Thursday, February 01, 2024

An Excellent Article on St Brigid

After St Ignatius of Antioch, the Saint most commonly celebrated on February 1st is Brigid of Kildare, and not only in her native Ireland; the Usuarium catalog of medieval liturgical books documents the celebration of her in every major nation that uses the Roman Rite.

St Brigid praying before Christ, depicted in a Book of Hours made at Paris in the 16th century. (Public domain image from Wikimedia Commons.)
The written accounts of her life that have come down to us all date from at least a century after her death, some, a good deal more than that. Scholars have long recognized that many of the stories given by them are at best difficult to accept as historically reliable, and in some ways, impossible to reconcile with each other, but that is a story for another time. Today, I simply wish to bring to our readers’ attention a superb article on the blog Unam Sanctum Catholicam, by Mr Phillip Campbell, which responds to the foolish, but all too common notion that St Brigid is somehow a Christianized version of a pagan goddess once worshipped by the Celts.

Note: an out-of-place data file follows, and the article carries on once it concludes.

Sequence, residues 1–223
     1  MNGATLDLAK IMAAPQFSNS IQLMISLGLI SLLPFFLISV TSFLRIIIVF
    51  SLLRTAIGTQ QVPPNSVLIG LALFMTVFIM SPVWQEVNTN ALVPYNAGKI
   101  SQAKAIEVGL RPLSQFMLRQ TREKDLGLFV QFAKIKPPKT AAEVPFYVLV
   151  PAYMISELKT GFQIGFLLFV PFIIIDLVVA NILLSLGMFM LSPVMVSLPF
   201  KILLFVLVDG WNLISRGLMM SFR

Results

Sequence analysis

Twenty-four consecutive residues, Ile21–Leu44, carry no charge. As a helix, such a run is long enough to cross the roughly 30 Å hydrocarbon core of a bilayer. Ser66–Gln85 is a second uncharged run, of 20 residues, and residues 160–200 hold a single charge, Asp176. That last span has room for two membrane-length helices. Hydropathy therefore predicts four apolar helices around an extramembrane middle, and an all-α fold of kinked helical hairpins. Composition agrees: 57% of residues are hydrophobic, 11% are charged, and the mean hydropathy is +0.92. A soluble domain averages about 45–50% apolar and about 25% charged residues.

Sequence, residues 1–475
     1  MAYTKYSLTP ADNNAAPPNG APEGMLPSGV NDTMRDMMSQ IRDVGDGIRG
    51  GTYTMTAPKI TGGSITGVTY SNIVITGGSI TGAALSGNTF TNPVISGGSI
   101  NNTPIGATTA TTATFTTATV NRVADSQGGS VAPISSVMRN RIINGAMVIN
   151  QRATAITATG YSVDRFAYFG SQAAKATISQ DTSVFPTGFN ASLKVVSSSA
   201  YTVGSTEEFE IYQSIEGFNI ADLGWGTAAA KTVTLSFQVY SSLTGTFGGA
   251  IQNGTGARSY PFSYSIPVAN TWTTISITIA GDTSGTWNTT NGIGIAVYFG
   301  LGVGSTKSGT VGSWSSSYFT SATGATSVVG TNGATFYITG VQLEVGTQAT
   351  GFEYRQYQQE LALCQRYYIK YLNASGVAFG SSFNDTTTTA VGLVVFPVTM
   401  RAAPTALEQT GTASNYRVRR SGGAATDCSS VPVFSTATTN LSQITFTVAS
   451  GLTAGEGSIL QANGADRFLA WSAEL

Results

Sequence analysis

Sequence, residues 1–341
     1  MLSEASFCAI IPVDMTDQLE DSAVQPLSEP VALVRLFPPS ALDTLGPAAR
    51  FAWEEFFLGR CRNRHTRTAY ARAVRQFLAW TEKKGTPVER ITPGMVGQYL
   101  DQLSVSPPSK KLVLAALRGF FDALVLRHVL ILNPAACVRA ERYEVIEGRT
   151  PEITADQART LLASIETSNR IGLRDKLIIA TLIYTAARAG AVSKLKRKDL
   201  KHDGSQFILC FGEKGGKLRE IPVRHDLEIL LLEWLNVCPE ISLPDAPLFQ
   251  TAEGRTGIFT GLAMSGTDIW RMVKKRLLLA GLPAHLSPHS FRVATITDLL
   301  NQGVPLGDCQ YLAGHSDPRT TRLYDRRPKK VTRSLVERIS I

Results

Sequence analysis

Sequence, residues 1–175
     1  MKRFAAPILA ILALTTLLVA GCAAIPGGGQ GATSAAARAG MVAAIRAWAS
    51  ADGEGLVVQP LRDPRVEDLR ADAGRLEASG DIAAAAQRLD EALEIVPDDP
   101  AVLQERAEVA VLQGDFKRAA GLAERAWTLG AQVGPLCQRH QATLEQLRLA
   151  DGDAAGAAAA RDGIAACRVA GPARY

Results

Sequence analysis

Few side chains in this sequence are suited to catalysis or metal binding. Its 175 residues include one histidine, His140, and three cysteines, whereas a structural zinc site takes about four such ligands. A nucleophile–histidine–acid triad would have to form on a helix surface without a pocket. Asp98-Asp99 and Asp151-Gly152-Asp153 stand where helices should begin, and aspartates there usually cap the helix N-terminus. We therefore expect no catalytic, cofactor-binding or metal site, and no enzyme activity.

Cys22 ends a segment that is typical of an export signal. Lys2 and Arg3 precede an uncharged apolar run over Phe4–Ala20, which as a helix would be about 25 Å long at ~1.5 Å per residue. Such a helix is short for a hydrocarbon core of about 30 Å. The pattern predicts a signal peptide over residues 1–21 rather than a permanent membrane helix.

This notion is, like almost every similar claim (Saturnalia as the origin of Christmas, the word Easter coming from the name of a pagan goddess called Eostre, etc.), based on the shabby pseudo-scholarship of the Victorian era, an era when “this seems like a good idea to me” was often treated as the equivalent of “this is true, I don’t need any actual proof.” Mr Campbell does a fine job of explaining point by point where the idea comes from, and why it is wrong. I make bold only to add that the article is useful not only for the specific case of St Brigid, but also as a general explanation of the bad procedures by which scholars of previous eras foisted these ideas on the world, ideas which have, alas, been all too influential in forming people’s understanding of Christian history. Bene scripsisti de ea, optime! 

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